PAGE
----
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Articles / Applying to College / How Much Does Being a "First-Gen" Applicant Help Admission Odds?

How Much Does Being a "First-Gen" Applicant Help Admission Odds?

Sally Rubenstone
Written by Sally Rubenstone | Feb. 10, 2012

Question: How much does being, "first generation" help in getting into various schools? Does it help more in the selective schools than in the mid range school? And is it a "tipping" factor or is it more significant?

I think you hit the nail on the head when you said that being first-gen means more in a selective college than in a "mid-range" institution. That's because the snazzier places have drawn students from well-heeled families for generations and are seeking diversity, while the less-celebrated schools are more apt to attract those from more modest means, which can often include the first-gen applicants.

Typically being first-gen carries the most clout when the admission folks feel that the student will bring the aforementioned diversity to campus. In other words, the child of a middle-class real estate agent and an insurance salesman who never earned four-year degrees may not offer as much admissions "currency" as the offspring of factory workers, hotel maids, or coal miners.

Most colleges, however (highly selective or not) will evaluate their candidates in the context of both where they go to high school and their home environment. So if a first-gen applicant has test scores that are slightly below the norm or perhaps didn't select the most demanding classes or take part in exotic extracurricular activities, admission officials will allow some wiggle room. They understand that these students may not have had the same exposure--or push--at home that the children of college grads have had.

Colleges' efforts to recruit and admit first-gen students can vary from school to school and even from year to year, as enrollment statistics wax and wane. Thus, the pluses of being first-gen may be greater at some of your child's target schools than at others. But these pluses rarely compare with those that come from being a strong athlete or an underrepresented minority student (although being first-gen AND a minority student or athlete can be a biggie)

Overall, in response to your question, I'd have to go with "tipping factor" rather than "significant" hook, but --as in most things admissions-related--you shouldn't expect consistency across the board.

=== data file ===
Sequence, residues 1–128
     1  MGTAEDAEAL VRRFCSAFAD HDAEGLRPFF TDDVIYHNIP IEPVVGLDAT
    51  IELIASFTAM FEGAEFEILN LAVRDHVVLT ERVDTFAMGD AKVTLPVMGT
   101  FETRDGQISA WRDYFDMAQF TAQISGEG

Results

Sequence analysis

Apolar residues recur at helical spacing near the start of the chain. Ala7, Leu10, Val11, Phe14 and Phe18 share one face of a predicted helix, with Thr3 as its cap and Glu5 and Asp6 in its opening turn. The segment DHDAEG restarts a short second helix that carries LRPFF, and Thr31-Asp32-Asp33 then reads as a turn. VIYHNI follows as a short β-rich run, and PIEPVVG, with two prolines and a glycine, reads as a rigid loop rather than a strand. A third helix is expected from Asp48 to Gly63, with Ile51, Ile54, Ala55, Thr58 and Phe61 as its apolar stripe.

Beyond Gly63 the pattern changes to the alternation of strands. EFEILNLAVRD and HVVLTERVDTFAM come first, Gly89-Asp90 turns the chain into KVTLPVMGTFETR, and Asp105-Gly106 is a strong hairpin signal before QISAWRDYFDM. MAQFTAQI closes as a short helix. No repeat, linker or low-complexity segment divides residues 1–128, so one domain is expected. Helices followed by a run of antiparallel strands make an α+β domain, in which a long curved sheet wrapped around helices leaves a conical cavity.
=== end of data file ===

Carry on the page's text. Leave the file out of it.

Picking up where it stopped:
(posted 2/10/2012)

Written by

Sally Rubenstone

Sally Rubenstone

Sally Rubenstone knows the competitive and often convoluted college admission process inside out: From the first time the topic of college comes up at the dinner table until the last duffel bag is unloaded on a dorm room floor. She is the co-author of Panicked Parents' Guide to College Admissions; The Transfer Student's Guide to Changing Colleges and The International Student's Guide to Going to College in America. Sally has appeared on NBC's Today program and has been quoted in countless publications, including The New York Times, The Washington Post, USA Weekend, USA Today, U.S. News & World Report, Newsweek, People and Seventeen. Sally has viewed the admissions world from many angles: As a Smith College admission counselor for 15 years, an independent college counselor serving students from a wide range of backgrounds and the author of College Confidential's "Ask the Dean" column. She also taught language arts, social studies, study skills and test preparation in 10 schools, including American international schools in London, Paris, Geneva, Athens and Tel Aviv. As senior advisor to College Confidential since 2002, Sally has helped hundreds of students and parents navigate the college admissions maze. In 2008, she co-founded College Karma, a private college consulting firm, with her College Confidential colleague Dave Berry, and she continues to serve as a College Confidential advisor. Sally and her husband, Chris Petrides, became first-time parents in 1997 at the ripe-old age of 45. So Sally was nearly an official senior citizen when her son Jack began the college selection process, and when she was finally able to practice what she had preached for more than three decades.

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